Common Law Marriage is a Myth

Data from the Office for National Statistics (ONS) shows that the number of cohabiting couple families is growing faster than married couples and has increased by 25% over the past decade; making them the second largest family type (the largest being married couple families).

It has also been established that one in five cohabiting couples wrongly believe that if they have been cohabiting for more than five years, they will inherit the entirety of their partner’s estate or assume executor status. This assumption, more commonly known as common law marriage, is a myth and does not exist in the legal jurisdiction of England and Wales. This means that cohabiting couples are not protected in the same way as married couples.

If you are considering moving in with a partner, please consider the following options available to you to protect yourself and your partner in life and death.

Cohabitation Agreement

A Cohabitation Agreement (also known as a Relationship or Living Together Agreement) records the arrangements between the couple and sets out how you intend to live as a couple and are tailored to each couple and their needs. A Cohabitation Agreement can cover the following topics: ownership of property, ownership of personal belongings and furniture, contribution to finances (bills, mortgage payments, household expenditures etc.), how to resolve joint accounts (this is not an exhaustive list).

A Cohabitation agreement is helpful in the event of a breakdown of the relationship and can help avoid the substantial financial and emotional costs that litigation incurs.

Ownership of a Property

If you are purchasing a property together you will need to consider how to own the property as either Joint Tenants or Tenants in Common. For information on the difference between the two, please see my colleague’s article.

If you are purchasing a property but not contributing equal shares, a Declaration of Trust may be necessary. A Declaration of Trust sets out in what shares the parties own the property so can provide for each person to get back a fair proportion of what they have contributed to the property when it is sold.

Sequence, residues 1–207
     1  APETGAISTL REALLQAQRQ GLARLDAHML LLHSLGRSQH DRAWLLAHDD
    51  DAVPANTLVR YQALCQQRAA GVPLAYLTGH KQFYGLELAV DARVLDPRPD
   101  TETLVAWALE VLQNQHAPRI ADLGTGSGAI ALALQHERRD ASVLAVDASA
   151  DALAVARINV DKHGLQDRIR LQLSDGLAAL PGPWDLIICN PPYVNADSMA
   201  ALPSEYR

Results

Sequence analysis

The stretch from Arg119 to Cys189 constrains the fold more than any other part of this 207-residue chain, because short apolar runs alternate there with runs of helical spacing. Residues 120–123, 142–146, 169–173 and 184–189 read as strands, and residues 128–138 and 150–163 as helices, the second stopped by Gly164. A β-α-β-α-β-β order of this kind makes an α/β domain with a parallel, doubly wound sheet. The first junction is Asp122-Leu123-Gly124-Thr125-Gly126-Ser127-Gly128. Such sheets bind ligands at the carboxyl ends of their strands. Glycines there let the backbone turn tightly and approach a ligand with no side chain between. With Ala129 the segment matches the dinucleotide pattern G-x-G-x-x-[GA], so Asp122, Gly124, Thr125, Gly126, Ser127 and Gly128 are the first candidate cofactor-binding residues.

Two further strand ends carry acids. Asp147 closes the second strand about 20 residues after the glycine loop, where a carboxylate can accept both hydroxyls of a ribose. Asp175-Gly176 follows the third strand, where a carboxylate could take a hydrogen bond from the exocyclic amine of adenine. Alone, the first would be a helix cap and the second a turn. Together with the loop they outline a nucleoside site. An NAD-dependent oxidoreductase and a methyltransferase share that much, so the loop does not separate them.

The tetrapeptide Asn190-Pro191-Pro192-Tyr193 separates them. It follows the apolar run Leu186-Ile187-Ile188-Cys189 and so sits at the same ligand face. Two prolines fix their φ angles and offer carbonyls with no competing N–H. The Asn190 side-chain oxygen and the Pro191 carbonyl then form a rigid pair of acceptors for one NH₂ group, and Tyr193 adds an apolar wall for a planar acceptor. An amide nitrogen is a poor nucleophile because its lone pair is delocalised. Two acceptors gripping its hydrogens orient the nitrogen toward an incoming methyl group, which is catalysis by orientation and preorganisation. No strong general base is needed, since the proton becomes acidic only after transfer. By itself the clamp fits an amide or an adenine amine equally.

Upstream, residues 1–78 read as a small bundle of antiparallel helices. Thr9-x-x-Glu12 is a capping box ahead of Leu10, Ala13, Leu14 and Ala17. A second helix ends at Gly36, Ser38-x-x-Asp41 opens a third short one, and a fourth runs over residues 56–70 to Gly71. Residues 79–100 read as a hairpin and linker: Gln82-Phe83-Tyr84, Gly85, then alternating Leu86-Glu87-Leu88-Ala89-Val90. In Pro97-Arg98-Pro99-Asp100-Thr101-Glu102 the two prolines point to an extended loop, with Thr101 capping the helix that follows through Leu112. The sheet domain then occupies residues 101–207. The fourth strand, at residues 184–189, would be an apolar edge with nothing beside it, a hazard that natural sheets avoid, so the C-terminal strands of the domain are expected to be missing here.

As stated above, a cohabiting couple does not have the same rights as a married couple and do not have an automatic right to inherit from each other on death. Cohabiting couples will therefore need to have a Will that specifies to whom they will leave their estate on their death. For example, if there is no Will and only one person owns the property, the surviving partner may lose their home and any right to proceeds from the sale of the property even if they have contributed to the property.


If the cohabiting couple decide to separate, the parent that does not live with the child or children still has an obligation to support them and pay child maintenance.

If you would like further information, please contact our Family Team on 0118 958 9711 or email [email protected]. We offer a confidential one hour initial fixed fee meeting for £95 inclusive of VAT at our offices in Reading.

Further reading

Adele – divorce and the pre-nuptial (or post-nuptial)

Drafting your own Divorce Petitions – Beware

No blame divorce – could it become a reality?

Could Owens v Owens decision lead to no-fault divorce?

Meal tickets for life in divorce cases

Finances in divorce – when to have a clean break


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